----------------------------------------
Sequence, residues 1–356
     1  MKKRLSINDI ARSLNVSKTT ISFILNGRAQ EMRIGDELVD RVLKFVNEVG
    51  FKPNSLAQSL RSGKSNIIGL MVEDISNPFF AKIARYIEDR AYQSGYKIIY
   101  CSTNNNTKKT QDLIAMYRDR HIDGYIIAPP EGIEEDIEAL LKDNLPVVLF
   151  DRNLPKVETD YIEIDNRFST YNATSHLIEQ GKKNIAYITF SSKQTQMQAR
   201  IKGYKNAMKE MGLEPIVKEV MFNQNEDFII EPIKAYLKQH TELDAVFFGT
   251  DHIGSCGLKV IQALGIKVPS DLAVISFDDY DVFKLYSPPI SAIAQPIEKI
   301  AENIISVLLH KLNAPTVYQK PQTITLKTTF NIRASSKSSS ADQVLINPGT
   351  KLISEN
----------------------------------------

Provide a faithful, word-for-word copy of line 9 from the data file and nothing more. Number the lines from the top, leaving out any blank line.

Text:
   351  KLISEN